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MS - Career & Human Resource Development '94
Dundee NY

Student Loans - Easy, right?

(April 02 2009) Written by: Corinne Franklin in Advising & Support

I realized after meeting with many, many families that the concept of student loans is a bit confusing. Well actually, unless you are a Financial Aid Administrator, understanding student loans can be very difficult. So, I thought it would be helpful to clarify a few things about student loans…First, there are two types of student loans: Federal and non-Federal (also known as private or alternative student loans).

 

Federal student loans are made available to students by the federal government. Schools have the option of receiving federal loans directly from the federal government (Direct Loans), or receiving federal loans from a lender (chosen by the borrower). In this case, the lenders are guaranteed the funds by the federal government (FFEL Loans). In essence, FFEL and Direct are identical loan programs with a different delivery method. RIT is a Direct Lending school; therefore, any federal student loan included in a financial aid award offer is processed by RIT. Borrowers do not have to find a lender for these loans.

These federal loans are made available to students without a co-signer or without a credit history. And, the interest rate is fixed at either 5.6% for subsidized loans (interest free while in college) or 6.8% for unsubsidized loans (interest accrues while in college). The federal student loans are by far more attractive than the non-federal loans. However, the government puts caps on the annual amount a student can borrow from the federal loan program. For example, a first year dependent student can borrow a maximum of $5,500 (no more than $3,500 subsidized) from the federal loan program. So, this is when the non-federal loans are considered.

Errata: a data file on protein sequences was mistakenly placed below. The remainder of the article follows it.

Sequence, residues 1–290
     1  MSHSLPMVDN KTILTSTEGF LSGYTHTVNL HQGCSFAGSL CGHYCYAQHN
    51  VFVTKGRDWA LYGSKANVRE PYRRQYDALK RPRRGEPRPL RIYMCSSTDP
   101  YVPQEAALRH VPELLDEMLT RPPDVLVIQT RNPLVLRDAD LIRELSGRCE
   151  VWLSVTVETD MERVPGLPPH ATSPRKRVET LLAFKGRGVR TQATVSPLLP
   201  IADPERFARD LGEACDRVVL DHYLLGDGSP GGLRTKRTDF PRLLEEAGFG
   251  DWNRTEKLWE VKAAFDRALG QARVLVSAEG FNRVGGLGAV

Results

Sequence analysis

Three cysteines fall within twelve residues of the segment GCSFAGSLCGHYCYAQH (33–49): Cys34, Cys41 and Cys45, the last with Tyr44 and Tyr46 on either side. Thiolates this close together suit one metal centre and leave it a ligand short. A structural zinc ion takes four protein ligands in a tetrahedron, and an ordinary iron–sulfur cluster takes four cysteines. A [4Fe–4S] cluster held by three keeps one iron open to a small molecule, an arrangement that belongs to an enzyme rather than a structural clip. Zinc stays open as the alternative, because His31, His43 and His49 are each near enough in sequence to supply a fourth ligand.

Non-federal loans are offered by lenders to students, generally with a credit-worthy co-signer. The maximum amount that can be borrowed is normally the difference between the cost of attending college and the total financial aid awarded. Unlike the federal loans, these loans typically have a variable interest rate which is tied to either the prime or the LIBOR. In most cases, repayment can be deferred until after the student graduates. However, the interest will never be subsidized.

 

OK, are you still with me here?

 

Another twist to the student loan program is the Federal Parent Loan for Undergraduate Students (PLUS). Just like the federal student loan, there are two delivery options for the PLUS: Direct and FFEL. If a school is direct lending, all federal loans are processed by the school. There is not the option of getting the federal loan delivered by a lender. This also works in reverse for FFEL schools. As the name implies, this is a loan option for a parent of a dependent student. AND this option is recommended over the non-federal loans to meet any remaining educational expenses after financial aid has been applied. The PLUS Loan has a fixed 7.9% interest rate and repayment can be delayed until 6 months after the student graduates. There is a minimal required credit check for approval. However, if the loan is credit-denied the student has an option of an additional unsubsidized loan.

 

So, in summary there are primarily 3 loan options to meet educational expenses:

 

  1. Federal Student Loans (FFEL or Direct)
  2. Non-Federal Student Loans (private or alternative loans offered through lenders)
  3. Federal PLUS

 

 

Comments (7)

  • Walter Melon

    Walter Melon

    06 April 2009 at 13:44 |